- Francis Bacon 1909–1992
- Oil paint on canvas
- Support: 610 x 508 mm
frame: 733 x 631 x 70 mm
- Purchased 1979
Francis Bacon 1909-1992
Study for Portrait II (after the Life Mask of William Blake) 1955
Oil on canvas 610 x 508 (24 x 20)
Purchased from Lady Caroline Lowell through the Mayor Gallery, London (Grant in Aid) 1979
Purchased from the artist through the Hanover Gallery, London by Lady Caroline Citkowitz (later Lady Caroline Lowell) 1955
Bacon, Scott, Sutherland, Hanover Gallery, London June-July 1955 (4, as ‘Study for Portrait’)
Francis Bacon, Tate Gallery, London, May-July 1962 (44), Kunsthalle, Mannheim, July-Aug. (35), Galleria Civica d’Arte Moderna, Turin, Sept.-Oct. (39, repr.), Kunsthaus, Zurich, Oct.-Nov. (33), Stedelijk Museum, Amsterdam, Jan.-Feb. 1963 (29)
Francis Bacon, Solomon R. Guggenheim Museum, New York, Oct. 1963-Jan. 1964, Art Institute of Chicago, Jan.-Feb. 1964 (31, repr. p.51)
Francis Bacon, Galeries nationales du Grand Palais, Paris, Oct. 1971-Jan. 1972, Kunsthalle, Dusseldorf, March-May (22, repr. p.106)
La Délirante: Revue de poésie, Centre Georges Pompidou, Musée national d’Art Moderne, Paris, Sept. 1982-Jan. 1983 (50, repr. p.11)
Francis Bacon: Paintings 1945-1982, National Museum of Modern Art, Tokyo, June-Aug. 1983, National Museum of Modern Art, Kyoto, Sept.-Oct., Aichi Prefectural Art Gallery, Nagoya, Nov. (11, repr. in col. p.39)
Francis Bacon, Tate Gallery, London, May-Aug. 1985, Staatsgalerie, Stuttgart, Oct. 1985-Jan. 1986, Nationalgalerie, Berlin, Feb.-Mar. 1986 (27, repr. in col.)
Francis Bacon, Hirshhorn Museum and Sculpture Garden, Smithsonian Institution, Washington D.C., Oct. 1989-Jan. 1990, Los Angeles County Museum of Art, Feb.-April, Museum of Modern Art, New York, May-August (18, repr. in col.)
À visage découvert’, Fondation Cartier, Jouy-en-Josas, June-Oct. 1992 (no catalogue found)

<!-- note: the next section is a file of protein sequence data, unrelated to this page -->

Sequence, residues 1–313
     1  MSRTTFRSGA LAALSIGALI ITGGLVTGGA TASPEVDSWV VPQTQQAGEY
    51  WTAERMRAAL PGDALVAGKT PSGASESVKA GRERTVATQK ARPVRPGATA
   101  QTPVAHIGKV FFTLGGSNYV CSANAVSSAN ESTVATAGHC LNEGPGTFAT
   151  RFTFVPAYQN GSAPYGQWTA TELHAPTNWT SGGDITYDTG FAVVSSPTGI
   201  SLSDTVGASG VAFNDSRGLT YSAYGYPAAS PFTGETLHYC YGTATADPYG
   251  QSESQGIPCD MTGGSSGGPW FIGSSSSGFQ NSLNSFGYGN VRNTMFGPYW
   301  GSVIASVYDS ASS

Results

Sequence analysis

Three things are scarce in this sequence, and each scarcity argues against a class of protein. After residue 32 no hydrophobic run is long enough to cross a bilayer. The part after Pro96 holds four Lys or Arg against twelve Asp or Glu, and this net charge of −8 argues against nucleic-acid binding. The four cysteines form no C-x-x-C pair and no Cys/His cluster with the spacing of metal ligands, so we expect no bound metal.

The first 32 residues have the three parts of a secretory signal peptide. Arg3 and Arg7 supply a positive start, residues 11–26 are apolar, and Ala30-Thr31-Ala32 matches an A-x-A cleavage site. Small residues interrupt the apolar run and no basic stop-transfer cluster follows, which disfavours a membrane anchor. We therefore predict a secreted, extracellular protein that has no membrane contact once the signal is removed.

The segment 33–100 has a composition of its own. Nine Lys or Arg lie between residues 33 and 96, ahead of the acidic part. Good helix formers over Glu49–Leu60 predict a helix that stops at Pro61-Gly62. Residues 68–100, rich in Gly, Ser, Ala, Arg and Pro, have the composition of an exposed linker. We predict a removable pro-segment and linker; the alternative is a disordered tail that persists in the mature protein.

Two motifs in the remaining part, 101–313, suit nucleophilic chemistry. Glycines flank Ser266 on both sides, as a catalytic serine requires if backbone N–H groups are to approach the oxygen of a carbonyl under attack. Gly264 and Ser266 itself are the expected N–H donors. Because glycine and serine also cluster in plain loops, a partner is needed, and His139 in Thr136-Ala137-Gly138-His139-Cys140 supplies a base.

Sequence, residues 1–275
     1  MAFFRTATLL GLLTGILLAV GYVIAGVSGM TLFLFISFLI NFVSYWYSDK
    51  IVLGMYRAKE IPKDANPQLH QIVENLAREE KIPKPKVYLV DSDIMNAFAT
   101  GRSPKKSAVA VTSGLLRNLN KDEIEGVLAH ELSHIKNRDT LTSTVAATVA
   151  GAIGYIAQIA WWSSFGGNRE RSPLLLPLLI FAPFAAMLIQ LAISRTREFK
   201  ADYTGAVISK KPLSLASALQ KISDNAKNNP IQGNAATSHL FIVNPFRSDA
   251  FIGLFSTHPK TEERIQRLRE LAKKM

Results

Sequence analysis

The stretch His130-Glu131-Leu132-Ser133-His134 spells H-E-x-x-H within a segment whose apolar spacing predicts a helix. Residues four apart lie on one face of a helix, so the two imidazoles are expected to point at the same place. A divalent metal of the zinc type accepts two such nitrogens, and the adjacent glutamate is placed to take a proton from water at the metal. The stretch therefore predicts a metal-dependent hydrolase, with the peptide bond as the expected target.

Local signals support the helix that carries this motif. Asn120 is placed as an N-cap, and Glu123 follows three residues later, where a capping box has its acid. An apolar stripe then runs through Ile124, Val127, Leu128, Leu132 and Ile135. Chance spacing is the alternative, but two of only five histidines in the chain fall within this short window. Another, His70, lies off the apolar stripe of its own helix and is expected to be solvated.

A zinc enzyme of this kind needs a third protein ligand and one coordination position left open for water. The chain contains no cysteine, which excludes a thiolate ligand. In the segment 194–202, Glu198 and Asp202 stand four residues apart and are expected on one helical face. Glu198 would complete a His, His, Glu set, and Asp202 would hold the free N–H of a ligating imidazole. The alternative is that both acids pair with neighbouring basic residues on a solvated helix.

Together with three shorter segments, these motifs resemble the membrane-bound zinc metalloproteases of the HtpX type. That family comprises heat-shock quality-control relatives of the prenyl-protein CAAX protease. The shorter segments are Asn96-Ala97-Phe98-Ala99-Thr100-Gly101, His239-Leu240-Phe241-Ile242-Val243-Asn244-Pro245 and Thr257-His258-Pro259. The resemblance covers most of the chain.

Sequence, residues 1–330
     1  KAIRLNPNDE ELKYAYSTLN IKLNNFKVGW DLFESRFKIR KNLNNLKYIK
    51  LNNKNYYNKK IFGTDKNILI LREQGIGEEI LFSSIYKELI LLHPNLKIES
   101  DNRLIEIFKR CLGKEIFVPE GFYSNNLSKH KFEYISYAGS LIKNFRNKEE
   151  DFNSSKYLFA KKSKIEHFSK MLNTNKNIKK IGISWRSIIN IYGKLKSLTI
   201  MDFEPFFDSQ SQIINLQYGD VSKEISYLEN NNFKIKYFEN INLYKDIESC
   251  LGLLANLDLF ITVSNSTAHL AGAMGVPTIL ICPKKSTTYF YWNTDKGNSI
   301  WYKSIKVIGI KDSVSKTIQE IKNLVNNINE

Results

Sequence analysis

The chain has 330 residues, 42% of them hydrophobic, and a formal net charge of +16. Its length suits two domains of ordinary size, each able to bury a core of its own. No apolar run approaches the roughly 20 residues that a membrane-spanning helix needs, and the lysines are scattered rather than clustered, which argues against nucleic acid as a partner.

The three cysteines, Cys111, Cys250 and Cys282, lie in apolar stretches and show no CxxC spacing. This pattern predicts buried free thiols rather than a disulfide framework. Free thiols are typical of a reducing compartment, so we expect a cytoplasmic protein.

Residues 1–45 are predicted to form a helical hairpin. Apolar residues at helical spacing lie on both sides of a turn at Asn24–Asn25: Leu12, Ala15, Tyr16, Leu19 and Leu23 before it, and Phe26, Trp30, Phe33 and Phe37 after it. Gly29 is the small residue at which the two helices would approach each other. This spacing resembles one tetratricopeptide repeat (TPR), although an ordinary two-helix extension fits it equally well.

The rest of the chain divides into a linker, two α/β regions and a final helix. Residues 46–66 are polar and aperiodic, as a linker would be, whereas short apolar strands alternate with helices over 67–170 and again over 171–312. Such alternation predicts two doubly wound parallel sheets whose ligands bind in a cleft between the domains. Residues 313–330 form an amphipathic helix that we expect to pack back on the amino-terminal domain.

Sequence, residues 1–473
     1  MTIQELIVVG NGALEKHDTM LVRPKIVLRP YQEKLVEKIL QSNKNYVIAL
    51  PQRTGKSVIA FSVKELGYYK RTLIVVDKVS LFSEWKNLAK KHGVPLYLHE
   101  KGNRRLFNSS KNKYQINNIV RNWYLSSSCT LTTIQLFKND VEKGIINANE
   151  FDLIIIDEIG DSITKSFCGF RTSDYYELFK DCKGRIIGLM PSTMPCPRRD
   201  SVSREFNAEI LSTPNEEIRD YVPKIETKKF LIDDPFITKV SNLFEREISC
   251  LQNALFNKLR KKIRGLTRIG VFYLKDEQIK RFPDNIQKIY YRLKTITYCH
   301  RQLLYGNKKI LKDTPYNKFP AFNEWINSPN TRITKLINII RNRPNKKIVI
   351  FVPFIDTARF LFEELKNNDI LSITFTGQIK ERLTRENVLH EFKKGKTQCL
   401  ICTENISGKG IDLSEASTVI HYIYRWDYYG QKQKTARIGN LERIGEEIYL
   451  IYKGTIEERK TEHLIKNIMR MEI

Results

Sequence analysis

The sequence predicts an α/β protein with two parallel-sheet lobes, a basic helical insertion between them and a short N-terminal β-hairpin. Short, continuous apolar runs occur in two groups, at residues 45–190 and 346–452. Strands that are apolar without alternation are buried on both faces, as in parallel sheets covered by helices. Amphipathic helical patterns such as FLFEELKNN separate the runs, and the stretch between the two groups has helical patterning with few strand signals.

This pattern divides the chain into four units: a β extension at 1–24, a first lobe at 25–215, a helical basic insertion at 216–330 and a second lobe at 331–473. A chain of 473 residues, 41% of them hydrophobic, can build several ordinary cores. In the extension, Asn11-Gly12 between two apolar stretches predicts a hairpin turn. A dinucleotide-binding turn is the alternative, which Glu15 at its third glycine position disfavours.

Francis Bacon: Figurabile, Museo Correr, Venice, June-Oct. 1993 (12, repr. in col. p.42)
Menschenbilder Figur in Zeiten der Abstraktion, Kunsthalle, Mannheim, Oct. 1998 - Jan. 1999 (no number, repr, in col. p.162)
Alan Clutton-Brock, ‘Round the London Galleries’, Listener, vol.54, no.1375, 7 July 1955, p.30
Robert Melville, ‘Exhibitions’, Architectural Review, vol.118, no.705, Sept. 1955, p.189, repr.
Ronald Alley, Francis Bacon: Catalogue Raisonné and Documentation, London 1964, p.92, repr. p.93, no.93 (col.)
Alexander Duckers, Francis Bacon: “Painting 1946”, Stuttgart 1971, p.16, repr. between pp.16 and 17, pl.5
Tate Gallery Report 1978-80, London 1980, p.39, repr. (col.)
Gilles Deleuze, Francis Bacon: logique de la sensation, Paris 1981, p.21, pl.48
Tate Gallery Acquisitions 1978-80, London 1981, pp.58-9
John W. Nixon, ‘Francis Bacon: Paintings 1959-1979; Opposites and Structural Rationalism’, unpublished Ph.D thesis, University of Ulster, Belfast 1986, p.570 (no.93)
Ernst van Alphen, Francis Bacon and the Loss of Self, London 1992, pp.104-6, repr. p.105, pl.57
Andrew Sinclair, Francis Bacon: His Life and Violent Times, London 1993, p.131
Philippe Dagen, Francis Bacon, Paris 1996, p.96, repr. p.23, pl.12 (col.)
Michael Peppiatt, Francis Bacon: Anatomy of an Enigma, London 1996, p.164
Inge Herold, ‘Das Bild des Menschen’, in Menschenbilder Figur in Zeiten der Abstraktion, exh. cat., Kunsthalle, Mannheim 1998, p.140
John Russell, Francis Bacon, London 1964, [p.20]
Lorenza Trucchi, Francis Bacon, Milan 1975, trans. John Shepley, London and New York 1976, pl.44 (in col.)
Marius Van Beek, ‘Dat Weergaloze Rood Van Francis Bacon’, Kunst Beeld, yr 9, no.9, July-Aug. 1985, p.6
Ronald Paulson, Figure and Abstraction in Contemporary Painting, New Brunswick and London 1990, p.198
Paul Bailey, ‘Imaginable Furies’, Modern Painters, vol.6, no.3, summer/autumn 1993, p.21
In 1955-6, Bacon made a series of five works, all showing a head set against a dark background, of which Study for Portrait II (after the Life Mask of William Blake) is the second. Close inspection reveals a studied accumulation of layers which belies the apparently simple technique. A coat of black was first laid over the canvas of Study for Portrait II before the form of the head was worked out in purples, greens, blues and pinks overlaid with white. The colours are strongest where they coincide with the shadowy drawing of form, and the whole effect establishes an equivalent in paint of the layering of the flesh on the bone structure. The forms - such as the broad mouth and the line of the closed eyelids - were made with small gestural marks, but the final working of the head involved a dragging of paint, especially down from the nose and the neck. The black background was re-painted as a final stage, with the lower part moving towards green and the upper part towards a purplish-blue. The off-centre position of the head, which sets it apart from the rest of the series, was balanced compositionally by the introduction of a barely perceptible ‘space-frame’.